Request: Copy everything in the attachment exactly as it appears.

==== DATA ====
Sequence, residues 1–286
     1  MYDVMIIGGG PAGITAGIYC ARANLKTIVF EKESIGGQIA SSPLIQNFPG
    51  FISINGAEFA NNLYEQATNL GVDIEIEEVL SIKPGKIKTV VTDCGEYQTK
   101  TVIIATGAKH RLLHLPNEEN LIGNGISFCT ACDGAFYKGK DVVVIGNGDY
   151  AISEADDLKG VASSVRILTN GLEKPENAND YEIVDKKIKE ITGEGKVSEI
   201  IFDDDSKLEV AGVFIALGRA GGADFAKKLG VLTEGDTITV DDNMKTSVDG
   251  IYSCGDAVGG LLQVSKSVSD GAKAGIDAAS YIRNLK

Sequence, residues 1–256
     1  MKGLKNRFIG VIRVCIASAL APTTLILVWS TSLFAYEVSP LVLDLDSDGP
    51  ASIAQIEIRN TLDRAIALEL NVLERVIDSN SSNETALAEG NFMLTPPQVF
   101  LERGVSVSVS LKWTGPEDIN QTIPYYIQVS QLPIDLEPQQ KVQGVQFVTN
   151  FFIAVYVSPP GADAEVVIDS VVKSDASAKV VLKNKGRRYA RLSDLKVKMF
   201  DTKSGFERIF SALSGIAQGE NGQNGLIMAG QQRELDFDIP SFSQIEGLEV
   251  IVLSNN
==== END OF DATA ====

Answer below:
Sequence, residues 1–286
     1  MYDVMIIGGG PAGITAGIYC ARANLKTIVF EKESIGGQIA SSPLIQNFPG
    51  FISINGAEFA NNLYEQATNL GVDIEIEEVL SIKPGKIKTV VTDCGEYQTK
   101  TVIIATGAKH RLLHLPNEEN LIGNGISFCT ACDGAFYKGK DVVVIGNGDY
   151  AISEADDLKG VASSVRILTN GLEKPENAND YEIVDKKIKE ITGEGKVSEI
   201  IFDDDSKLEV AGVFIALGRA GGADFAKKLG VLTEGDTITV DDNMKTSVDG
   251  IYSCGDAVGG LLQVSKSVSD GAKAGIDAAS YIRNLK

Sequence, residues 1–256
     1  MKGLKNRFIG VIRVCIASAL APTTLILVWS TSLFAYEVSP LVLDLDSDGP
    51  ASIAQIEIRN TLDRAIALEL NVLERVIDSN SSNETALAEG NFMLTPPQVF
   101  LERGVSVSVS LKWTGPEDIN QTIPYYIQVS QLPIDLEPQQ KVQGVQFVTN
   151  FFIAVYVSPP GADAEVVIDS VVKSDASAKV VLKNKGRRYA RLSDLKVKMF
   201  DTKSGFERIF SALSGIAQGE NGQNGLIMAG QQRELDFDIP SFSQIEGLEV
   251  IVLSNN